Spin (5/93, p.87) - Highly Recommended - "...swarms with sludgy rhythms, whooshing guitar convulsions, howling vocals, and uninhibited drum fills, which, for the most part, stay true to the band's tunefully drug-addled vision..."
Entertainment Weekly (4/30/93, p.56) - "...gives psychedelia a good name again. Enjoy the ride..." - Rating: B+
NME (Magazine) (4/17/93, p.29) - 6 - Good - "...truly explosive.... scalding guitars and gut-spilling vocals....they could be the bona fide Blue Cheer cover band Mudhoney always wanted to be..."
Monster Magnet: Dave Wyndorf (vocals, guitar); Ed Mundell (guitar); Joe Calandra (bass); Jon Kleiman (drums).
Recorded at The Magic Shop, New York in October 1992.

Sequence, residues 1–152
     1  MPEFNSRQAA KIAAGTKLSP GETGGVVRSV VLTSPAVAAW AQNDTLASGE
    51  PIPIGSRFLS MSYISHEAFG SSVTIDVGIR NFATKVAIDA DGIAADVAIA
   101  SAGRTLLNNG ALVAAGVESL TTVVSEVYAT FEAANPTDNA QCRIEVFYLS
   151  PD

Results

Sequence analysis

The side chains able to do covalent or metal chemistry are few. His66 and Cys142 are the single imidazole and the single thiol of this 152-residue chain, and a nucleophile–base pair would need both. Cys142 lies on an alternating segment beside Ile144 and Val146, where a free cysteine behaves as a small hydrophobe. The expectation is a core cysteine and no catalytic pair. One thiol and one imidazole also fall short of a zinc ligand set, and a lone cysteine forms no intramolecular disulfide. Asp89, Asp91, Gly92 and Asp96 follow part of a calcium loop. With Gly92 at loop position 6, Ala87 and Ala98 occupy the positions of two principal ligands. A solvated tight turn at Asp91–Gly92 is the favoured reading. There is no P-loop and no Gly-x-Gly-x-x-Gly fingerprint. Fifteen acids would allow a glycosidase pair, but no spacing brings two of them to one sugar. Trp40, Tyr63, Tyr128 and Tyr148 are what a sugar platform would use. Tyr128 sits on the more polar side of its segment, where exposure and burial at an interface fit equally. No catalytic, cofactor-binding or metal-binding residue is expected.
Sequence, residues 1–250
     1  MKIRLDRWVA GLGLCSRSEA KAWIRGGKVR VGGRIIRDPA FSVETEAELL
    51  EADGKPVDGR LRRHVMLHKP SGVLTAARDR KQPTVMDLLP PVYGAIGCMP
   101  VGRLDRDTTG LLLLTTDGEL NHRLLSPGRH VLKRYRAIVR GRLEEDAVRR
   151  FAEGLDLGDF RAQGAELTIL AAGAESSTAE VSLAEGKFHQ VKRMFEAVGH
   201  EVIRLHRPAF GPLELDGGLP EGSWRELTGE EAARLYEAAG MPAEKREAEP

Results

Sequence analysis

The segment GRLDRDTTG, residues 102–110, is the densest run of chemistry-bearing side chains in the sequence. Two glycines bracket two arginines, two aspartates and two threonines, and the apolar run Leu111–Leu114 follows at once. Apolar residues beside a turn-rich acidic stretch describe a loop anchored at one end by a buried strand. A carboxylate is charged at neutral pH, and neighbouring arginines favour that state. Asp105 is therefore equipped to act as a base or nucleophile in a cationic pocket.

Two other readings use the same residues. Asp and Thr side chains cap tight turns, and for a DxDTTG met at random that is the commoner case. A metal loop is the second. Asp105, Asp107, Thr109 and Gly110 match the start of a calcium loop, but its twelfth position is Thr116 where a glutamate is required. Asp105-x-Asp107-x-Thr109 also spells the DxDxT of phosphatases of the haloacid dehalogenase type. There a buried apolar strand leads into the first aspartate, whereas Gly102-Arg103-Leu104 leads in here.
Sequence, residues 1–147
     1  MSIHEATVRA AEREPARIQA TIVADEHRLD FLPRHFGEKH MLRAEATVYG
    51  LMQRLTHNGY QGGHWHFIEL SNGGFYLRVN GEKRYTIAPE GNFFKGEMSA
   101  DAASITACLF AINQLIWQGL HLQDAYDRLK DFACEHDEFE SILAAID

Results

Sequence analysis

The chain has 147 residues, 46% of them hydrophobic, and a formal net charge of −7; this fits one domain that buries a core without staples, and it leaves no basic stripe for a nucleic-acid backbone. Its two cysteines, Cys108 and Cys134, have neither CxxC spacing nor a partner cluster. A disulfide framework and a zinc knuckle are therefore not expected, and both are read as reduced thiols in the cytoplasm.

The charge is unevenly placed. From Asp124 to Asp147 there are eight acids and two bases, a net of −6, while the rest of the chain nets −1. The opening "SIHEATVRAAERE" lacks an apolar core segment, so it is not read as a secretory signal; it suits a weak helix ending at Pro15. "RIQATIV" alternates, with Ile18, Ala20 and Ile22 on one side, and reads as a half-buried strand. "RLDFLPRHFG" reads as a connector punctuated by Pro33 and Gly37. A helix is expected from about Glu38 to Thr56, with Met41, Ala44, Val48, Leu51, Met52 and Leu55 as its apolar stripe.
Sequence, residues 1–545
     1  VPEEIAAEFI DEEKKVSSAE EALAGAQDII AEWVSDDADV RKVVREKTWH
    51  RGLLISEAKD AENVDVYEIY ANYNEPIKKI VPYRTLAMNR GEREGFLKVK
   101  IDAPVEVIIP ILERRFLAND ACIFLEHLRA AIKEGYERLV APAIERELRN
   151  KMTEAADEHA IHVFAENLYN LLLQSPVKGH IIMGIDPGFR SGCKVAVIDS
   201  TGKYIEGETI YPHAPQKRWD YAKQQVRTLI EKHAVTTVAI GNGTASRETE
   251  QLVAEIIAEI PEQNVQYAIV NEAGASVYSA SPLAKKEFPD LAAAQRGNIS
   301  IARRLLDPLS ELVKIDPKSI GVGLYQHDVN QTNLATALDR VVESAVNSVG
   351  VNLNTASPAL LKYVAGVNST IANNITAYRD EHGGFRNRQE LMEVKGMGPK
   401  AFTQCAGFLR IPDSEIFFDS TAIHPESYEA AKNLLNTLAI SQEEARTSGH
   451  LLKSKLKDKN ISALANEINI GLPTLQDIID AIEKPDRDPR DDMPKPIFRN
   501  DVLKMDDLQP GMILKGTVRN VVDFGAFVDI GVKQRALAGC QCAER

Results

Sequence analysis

Having already shown that the world of drug-damaged early heavy metal-meets-space rock was well within their capability, Wyndorf and company took things to an even crazier level with Monster Magnet's major-label debut, Superjudge. Anyone taking anything on this album seriously, as some sort of satanic plot or anything like that, needs to just give up and go home -- the song titles alone are crazily ridiculous enough: "Cyclops Revolution," "Elephant Bell," "Dinosaur Vacume," and the baldly but perfectly named "Stadium." A couple of nods to musical roots surface -- the Willie Dixon-written classic "Evil (Is Going On)" kicks reasonable butt, but it's the storm through early Hawkwind standout "Brainstorm" that's the real signpost. There's more than a little of that British band throughout, only arguably even more strung out and insane, a celebration of a stoner culture that had persisted for years and looks set to always be around. Only the Dixon cover and "Black Balloon" stay at three minutes in length; everything else takes a little or a lot more time to satisfyingly sprawl, like the steady stomp of the title track or the monstrous "Cage Around the Sun." Wyndorf's ear for composition, production, and playing is evident throughout -- everything is scaled for the biggest arena in the universe, while his voice positively compares with Ozzy Osbourne's early wailing, yet with a scraggly, rougher edge. Occasional acoustic guitar and sitar parts (with appropriate flanging) help in adding variety and more psychedelia to the proceedings, "Black Balloon" in particular ending Superjudge on a subtle, mysterious note. The spiraling riff explosions and solos of "Twin Earth" and "Dinosaur Vacume" are matched with strong rhythms (due credit to the team of Calandra and Kleiman, who never sound lazy), while any band with lyrics like "I cut off my own head/I don't need it where I'm going to go!" clearly knows how to get in touch with the unapologetic rawk fan out there. ~ Ned Raggett